“As it stands, doctors reading the statute have no assurance that the statute will be interpreted by courts or applied by the boards consistently with the defendants’ proposed interpretation,” the judge wrote.

Some sections of the law are written in a way that makes clear interpretation nearly impossible. The final text defines misinformation as “false information that is contradicted by contemporary scientific consensus contrary to the standard of care.”

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“Put simply, this provision is grammatically incoherent,” Shubb wrote. “It is impossible to parse the sentence and understand the relationship between the two clauses.”

Dr. Donaldo M. Hernandez, president of the California Medical Assn., said he was “disappointed” in the ruling.

“There has been a lot of false rhetoric about what this bill does,” Hernandez said in a statement. “AB 2098 applies only when a physician intentionally misleads a patient under their care or deviates from the appropriate standard of care. It does not stifle legitimate, needed and appropriate scientific and medical debate. We cannot let the toxicity of the moment blind us to the moral and ethical obligations physicians have to our patients.”

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Opponents of the law say its wording does not sufficiently protect legitimate medical care.

“The problem with AB 2098 is that it’s so broad that it’s going to chill the speech of well-meaning doctors who are providing even accurate, appropriately tailored care,” Kieschnick said. “The Legislature went too far. And they didn’t need to.”

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State law already bars doctors from lying to their patients or dispensing shoddy medical advice that fails to meet the basic standard for quality care. That’s the case for all diseases, including COVID-19.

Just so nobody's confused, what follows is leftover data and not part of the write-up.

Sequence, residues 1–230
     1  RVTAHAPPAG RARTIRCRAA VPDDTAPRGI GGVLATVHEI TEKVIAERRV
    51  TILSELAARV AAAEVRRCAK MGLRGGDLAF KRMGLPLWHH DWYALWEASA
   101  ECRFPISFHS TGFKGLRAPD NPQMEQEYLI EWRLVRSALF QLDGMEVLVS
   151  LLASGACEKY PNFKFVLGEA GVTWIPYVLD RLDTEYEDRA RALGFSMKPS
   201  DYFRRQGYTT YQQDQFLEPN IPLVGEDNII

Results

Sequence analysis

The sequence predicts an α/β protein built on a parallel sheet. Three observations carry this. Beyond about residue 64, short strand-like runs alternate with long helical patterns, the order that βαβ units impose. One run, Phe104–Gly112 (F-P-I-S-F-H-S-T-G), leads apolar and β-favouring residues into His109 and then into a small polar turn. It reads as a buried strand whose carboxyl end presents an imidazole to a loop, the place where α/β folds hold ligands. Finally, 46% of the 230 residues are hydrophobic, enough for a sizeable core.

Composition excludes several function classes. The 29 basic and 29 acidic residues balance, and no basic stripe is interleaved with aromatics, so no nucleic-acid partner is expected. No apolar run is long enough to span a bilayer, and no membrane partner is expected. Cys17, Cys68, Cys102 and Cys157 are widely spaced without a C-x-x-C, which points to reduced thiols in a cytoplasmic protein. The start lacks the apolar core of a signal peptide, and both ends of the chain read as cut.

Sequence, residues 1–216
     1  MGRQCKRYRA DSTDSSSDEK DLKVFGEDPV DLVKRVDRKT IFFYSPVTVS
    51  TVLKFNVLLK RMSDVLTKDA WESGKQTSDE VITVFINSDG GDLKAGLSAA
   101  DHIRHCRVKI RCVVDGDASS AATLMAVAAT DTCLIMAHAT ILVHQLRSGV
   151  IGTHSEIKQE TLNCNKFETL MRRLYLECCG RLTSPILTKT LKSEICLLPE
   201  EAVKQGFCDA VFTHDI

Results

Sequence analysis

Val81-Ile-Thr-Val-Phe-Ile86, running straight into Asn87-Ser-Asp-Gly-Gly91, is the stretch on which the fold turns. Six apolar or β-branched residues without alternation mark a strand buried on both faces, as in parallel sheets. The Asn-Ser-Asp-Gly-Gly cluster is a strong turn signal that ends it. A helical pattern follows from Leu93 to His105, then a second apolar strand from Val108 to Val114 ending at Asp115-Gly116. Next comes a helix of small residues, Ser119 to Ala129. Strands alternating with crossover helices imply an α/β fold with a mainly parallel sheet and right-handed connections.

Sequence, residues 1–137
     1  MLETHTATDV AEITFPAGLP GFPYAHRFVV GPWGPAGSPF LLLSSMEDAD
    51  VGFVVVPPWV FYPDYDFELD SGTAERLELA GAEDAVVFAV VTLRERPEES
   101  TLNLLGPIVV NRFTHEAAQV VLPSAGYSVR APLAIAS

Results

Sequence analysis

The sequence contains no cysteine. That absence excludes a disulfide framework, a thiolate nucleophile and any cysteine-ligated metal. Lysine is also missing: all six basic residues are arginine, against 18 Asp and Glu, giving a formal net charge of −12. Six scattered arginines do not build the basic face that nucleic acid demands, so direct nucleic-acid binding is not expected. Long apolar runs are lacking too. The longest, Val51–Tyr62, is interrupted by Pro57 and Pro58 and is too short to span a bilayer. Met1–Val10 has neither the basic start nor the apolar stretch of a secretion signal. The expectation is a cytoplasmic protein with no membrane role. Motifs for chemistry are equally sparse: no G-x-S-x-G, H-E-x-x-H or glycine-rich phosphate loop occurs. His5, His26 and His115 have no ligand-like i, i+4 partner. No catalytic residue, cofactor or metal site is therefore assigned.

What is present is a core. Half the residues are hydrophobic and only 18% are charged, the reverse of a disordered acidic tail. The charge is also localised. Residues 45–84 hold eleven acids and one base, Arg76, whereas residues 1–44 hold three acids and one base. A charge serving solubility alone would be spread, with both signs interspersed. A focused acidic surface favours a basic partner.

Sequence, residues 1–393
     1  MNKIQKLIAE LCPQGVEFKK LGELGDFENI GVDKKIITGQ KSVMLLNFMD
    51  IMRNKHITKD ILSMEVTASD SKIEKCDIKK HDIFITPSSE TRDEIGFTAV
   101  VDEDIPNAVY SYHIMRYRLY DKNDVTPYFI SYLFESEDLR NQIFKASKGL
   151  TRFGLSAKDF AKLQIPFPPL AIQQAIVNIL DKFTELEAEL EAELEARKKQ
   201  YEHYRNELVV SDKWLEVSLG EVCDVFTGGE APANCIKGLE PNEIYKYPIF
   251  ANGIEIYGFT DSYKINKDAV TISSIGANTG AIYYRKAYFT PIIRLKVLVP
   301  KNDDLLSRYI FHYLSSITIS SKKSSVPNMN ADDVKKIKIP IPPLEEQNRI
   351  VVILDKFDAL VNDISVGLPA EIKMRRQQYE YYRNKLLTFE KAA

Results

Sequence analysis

AB 2098 applies only to conversations between patients and their doctors about the patient’s care. It does not apply to statements that a person with a medical degree might make in public settings, such as social media posts, rallies or talk show appearances.

A legislative analysis of the bill before its passage found that any attempt to limit doctors’ public statements would probably not survive a 1st Amendment challenge in court.

Plaintiffs in the various lawsuits against AB 2098 include Children’s Health Defense, a nonprofit peddler of inaccurate health information founded by vaccine skeptic Robert F. Kennedy Jr., and a Newport Beach doctor who has promoted the use of discredited COVID-19 treatments ivermectin and hydroxychloroquine.

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Not all of the bill’s opponents embrace misinformation. They just don’t embrace this particular law.

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“When somebody says the COVID vaccines have microchips in them, that the COVID vaccines have the sign of the devil in them, that’s clearly an issue that we need to address,” said Dr. Eric Widera, a professor of medicine at UC San Francisco who specializes in geriatrics. “I very much am for addressing misinformation. I just don’t think this bill does it.”